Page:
- Multi-resistant bacteria always cause more deaths
- With many infections they help bacteriophages
- It is about specialized virusesdie individual bacterial strains kill without invading beneficial bacteria or body cells
- It will also soon begin in Germany one clinical studyin people with cystic fibrosis WITH treated with bacteriophage will
Multi-resistant bacteria are causing more and more deaths. According to the study, phages (viruses) can help with many of these bacterial infections.
Pittsburgh (USA). Multi-resistant bacteria are becoming an increasing problem in medicine. According to the World Health Organization (WHO), antibiotic resistance is one of the leading causes of death worldwide today. In addition to new antibiotics, so-called bacteriophages can also help against multi-resistant bacteria. These are viruses that infect bacteria.
Bacteriophages attack bacteria through special receptors and then multiply in their cells. The bacterial cell then ruptures from the mass of newly formed viruses and the bacteria die. Because phages specialize in certain types of bacteria, they do not destroy beneficial bacteria or body cells during therapy. Thus, the primary problem with bacteriophage therapy is finding the right phage.
So far almost no studies on bacteriophages
Bacteriophages have so far been used mainly in the former Eastern bloc. In Western countries, bacteriophages have hardly been used or studied in everyday clinical practice since the development of antibiotics. However, with regard to multi-resistant pathogens, this has changed in recent years. Around 2019, researchers from the University of Pittsburgh published a single case study with promising results in the journal Nature Medicine. Then they received questions from doctors from all over the world.
Bacteriophages against antibiotic-resistant mycobacteria
Researchers from the University of Pittsburgh and the University of California have now published the results of another study with bacteriophages in the journal Clinical Infectious Diseases. The study involved 20 subjects infected with antibiotic-resistant mycobacteria, mostly strains of Mycobacterium abscessus.
16 of the 20 subjects suffered from metabolic mucosiscidosis, also known as cystic fibrosis (CF). In this disease, mucus can no longer flow out of the lungs and many other organs. This creates optimal living conditions for bacteria that cause inflammation and other health problems.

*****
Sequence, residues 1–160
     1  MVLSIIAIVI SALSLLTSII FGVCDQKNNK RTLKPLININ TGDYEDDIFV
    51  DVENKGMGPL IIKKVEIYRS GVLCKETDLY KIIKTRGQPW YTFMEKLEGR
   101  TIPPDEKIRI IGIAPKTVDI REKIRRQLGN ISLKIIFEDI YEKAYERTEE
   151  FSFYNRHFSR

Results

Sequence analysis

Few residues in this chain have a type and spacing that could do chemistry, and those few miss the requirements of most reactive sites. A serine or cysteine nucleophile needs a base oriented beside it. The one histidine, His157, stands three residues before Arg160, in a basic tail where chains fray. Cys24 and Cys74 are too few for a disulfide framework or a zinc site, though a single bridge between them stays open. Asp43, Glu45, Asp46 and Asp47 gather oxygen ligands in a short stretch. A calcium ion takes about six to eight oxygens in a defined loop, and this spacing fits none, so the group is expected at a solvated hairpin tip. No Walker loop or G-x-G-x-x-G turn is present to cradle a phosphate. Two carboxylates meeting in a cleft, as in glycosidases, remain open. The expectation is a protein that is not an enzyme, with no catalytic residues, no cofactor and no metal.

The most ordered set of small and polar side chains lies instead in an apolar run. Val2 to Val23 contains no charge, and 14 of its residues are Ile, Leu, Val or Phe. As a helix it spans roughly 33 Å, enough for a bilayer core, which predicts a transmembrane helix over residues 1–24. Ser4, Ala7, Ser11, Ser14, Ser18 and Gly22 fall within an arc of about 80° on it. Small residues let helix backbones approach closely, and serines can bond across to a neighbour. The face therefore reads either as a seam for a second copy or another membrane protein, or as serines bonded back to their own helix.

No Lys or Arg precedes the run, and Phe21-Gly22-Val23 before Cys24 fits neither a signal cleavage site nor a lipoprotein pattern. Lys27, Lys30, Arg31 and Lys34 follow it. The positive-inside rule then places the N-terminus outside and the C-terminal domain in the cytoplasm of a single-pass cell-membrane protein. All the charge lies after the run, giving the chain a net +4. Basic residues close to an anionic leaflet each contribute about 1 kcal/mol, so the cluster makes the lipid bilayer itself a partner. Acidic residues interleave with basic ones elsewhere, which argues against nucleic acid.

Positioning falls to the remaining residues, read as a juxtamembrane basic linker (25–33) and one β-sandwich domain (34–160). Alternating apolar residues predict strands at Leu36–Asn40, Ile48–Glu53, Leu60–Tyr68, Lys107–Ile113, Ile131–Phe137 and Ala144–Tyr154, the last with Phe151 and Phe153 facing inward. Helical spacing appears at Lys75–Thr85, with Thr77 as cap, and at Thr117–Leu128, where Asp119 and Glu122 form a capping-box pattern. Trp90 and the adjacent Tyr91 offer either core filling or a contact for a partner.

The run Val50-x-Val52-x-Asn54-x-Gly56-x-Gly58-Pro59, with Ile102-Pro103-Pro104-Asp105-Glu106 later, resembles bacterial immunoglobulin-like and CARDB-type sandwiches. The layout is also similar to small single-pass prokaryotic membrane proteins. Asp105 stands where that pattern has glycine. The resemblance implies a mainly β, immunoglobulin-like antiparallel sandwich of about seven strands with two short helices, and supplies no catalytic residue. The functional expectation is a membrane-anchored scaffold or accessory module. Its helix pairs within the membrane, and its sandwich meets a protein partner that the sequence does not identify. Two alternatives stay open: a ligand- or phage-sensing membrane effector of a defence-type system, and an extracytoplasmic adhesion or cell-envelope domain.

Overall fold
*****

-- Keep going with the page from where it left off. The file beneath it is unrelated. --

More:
Treatment of Mycobacterium abscess infections
According to study leader Graham Hatfull, Mycobacterium abscess infections are a nightmare for doctors. “Although they are not as common as some other infections, they are among the most difficult antibiotics to treat,” Hatfull explains.
The researchers therefore administered various bacteriophages to the subjects by injection or inhalation. Study participants, including a five-year-old child, received at least 1 billion units twice daily for six months. Treatment was successful in eleven of 20 patients (55%). Four patients (20%) had no improvement and five patients (25%) had mixed results.
Bacteriophage without side effects
No side effects were observed in the clinical study. There is also no evidence that the bacteria develops new resistance as a result of the treatment. “It gives a lot of weight to the impression that the therapy is safe,” says Hatfull.
It is still unclear why the treatment did not work in all subjects. Hatfull sees phage used as a possible reason. “We haven’t figured out how to find or make a phage that will capture every strain of these patients. This remains one of the most important challenges for the future, “says the scientist.
Clinical study in Germany
A clinical trial with bacteriophages is due to start in Germany in the second half of the year. According to Holger Ziehr, head of pharmaceutical biotechnology at the Fraunhofer Institute for Toxicology and Experimental Medicine (ITEM), only people with cystic fibrosis who are infected with Pseudomonas aeruginosa should be tested. In the study, you will receive a combination of three phages that cover most strains of P. aeruginosa. The first results are to be published next year.
In addition, Ziehr describes the results of the current study as “impressive”. “This result cannot be denied,” says Ziehr. According to the phage expert, extremely heterogeneous subjects and various infections and types of pathogens make therapy difficult.
Nature Medicine, doi: 10.1038 / s41591-019-0437-z
Clinical Infectious Diseases, doi: 10.1093 / cid / ciac453